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I’ve had a bunch of different stories bouncing around in my head for the last few weeks… And in a good many of them, one person figures prominently… It’s kind of weird, because I’m an army brat. I became very used to the fact that I might only know a person for a few months at a time, but for fourteen years, I considered him to be my best friend. The guy you could tell anything to, the cat who was always around when you need someone. I could tell you a hundred stories about the stunts we pulled, and I may do that… But for now, he needs a proper introduction. Jonny D., Faster Than The World. FTTW…. Here’s Jonny….
We were seven years old when we met. My parents had just signed me up to play soccer, something I was vehemently against. I had no desire to play soccer, much less any organized sport. It didn’t matter how much I was against it, though. My father decided that I was pasty and pudgy and badly in need of a haircut. I guess he figured he could get two out of three fixed in one fell swoop. He signed me up. He went out and picked up my uniform and tried to surprise me with the whole thing. After he saw the look of horror on my face, he tossed the uniform on my bed and left the room without saying anything else.
My mom worked her magic on me the next day. I was helping her make dinner when she dropped the bomb. Something about how I had opportunities that my old man never had as a child. Traveling to foreign countries, seeing the world. Color TV. All the comic books I could read. Playing soccer…. Something that my father had wanted to do as a child, but because his father hadn’t been as supportive as he was, something he’d never been able to do. She laid it on thick. So thick it made my teeth hurt. I knew what she up to, but I told her I’d give it a shot anyway. It obviously meant something to the two of them for them to double team me like this. And it couldn’t go as badly as the whole church fiasco.
The coaches came by after a little bit, clipboards in hand and trailing a giant mesh bag of balls. They talked to us for a while about the importance of winning (it wasn’t) and the importance of trying (it was), the standard “I’m talking to kids below ten” rhetoric. And then they split us up into teams of two to watch us play a practice game. I was placed on the red team, with the other three fat kids on the field. The coaches yelled out where we should go, based on what positions we’d be playing, gently guiding us to our assigned spots with shouts of “No, to your left” and “You, move to the middle… No, the other middle”.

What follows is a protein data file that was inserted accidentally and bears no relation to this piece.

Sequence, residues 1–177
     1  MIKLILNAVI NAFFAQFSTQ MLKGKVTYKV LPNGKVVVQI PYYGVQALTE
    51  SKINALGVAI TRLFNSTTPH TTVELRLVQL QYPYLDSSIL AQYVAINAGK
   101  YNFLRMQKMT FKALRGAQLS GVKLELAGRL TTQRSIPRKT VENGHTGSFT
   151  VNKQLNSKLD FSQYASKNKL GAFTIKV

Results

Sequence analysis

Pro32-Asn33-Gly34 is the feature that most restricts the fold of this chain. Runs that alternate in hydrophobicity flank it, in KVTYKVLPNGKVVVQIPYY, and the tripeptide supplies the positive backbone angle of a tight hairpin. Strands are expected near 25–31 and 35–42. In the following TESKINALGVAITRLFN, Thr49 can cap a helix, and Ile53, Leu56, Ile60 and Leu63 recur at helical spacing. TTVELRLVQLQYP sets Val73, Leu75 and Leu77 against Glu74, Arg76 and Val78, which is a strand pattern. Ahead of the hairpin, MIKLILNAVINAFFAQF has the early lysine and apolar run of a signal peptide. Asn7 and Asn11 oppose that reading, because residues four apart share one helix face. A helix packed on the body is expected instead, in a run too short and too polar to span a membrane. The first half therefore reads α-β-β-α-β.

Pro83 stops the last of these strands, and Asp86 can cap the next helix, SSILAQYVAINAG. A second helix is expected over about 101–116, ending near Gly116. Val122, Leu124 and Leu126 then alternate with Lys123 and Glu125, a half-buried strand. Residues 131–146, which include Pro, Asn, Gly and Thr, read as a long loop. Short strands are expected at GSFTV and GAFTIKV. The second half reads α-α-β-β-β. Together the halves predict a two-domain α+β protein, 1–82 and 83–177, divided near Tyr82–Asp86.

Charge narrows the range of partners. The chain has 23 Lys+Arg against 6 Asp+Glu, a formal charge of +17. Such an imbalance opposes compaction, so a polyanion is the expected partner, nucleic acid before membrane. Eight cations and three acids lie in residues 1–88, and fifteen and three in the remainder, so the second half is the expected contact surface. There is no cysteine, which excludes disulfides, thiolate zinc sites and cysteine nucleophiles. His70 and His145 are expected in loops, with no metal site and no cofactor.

Somehow, perhaps as a cruel joke, I was made a winger. Left, to be precise. Let’s get one thing straight, the wing is a position for a kid with stamina. A kid who can run all damn day, come home, eat dinner and run all damn night. It’s an offensive and slightly defensive position, meaning you can play a good deal of the field. I wasn’t huge, but I knew that there was no way I could run all the time. I was at least twenty pounds overweight, I read a lot, and I did way too many things that didn’t involve running… Or jumping…. Or anything that wasn’t sitting on my fat ass. Hell, the only running I did back then was away from fights, and I wasn’t very good at that, either.
The coach blew a whistle and the game started. We all scrambled, each one of us trying to get a grasp on the ball and our position on the field. Thirty kids, bouncing a ball back and forth over center field, most of us with no clue as to what was going on. After a few minutes, one of the opposing team, got the ball and was headed downfield, directly at me. It was my job to stop him and get the ball back to the midfielders. I ran as fast as my pudgy little legs would carry me. I went low, dropping my legs to the left, hoping to make contact with the ball and praying that I wouldn’t end up flat on my ass. Somehow, I did hit the ball… and his legs. I made had managed to kick the ball further downfield and knock him ass over tea kettle all in one go. His legs shot out, went over his head, and he landed flat on his face. The ball bounced away as I scrambled to get to my feet. The other kid still wasn’t moving.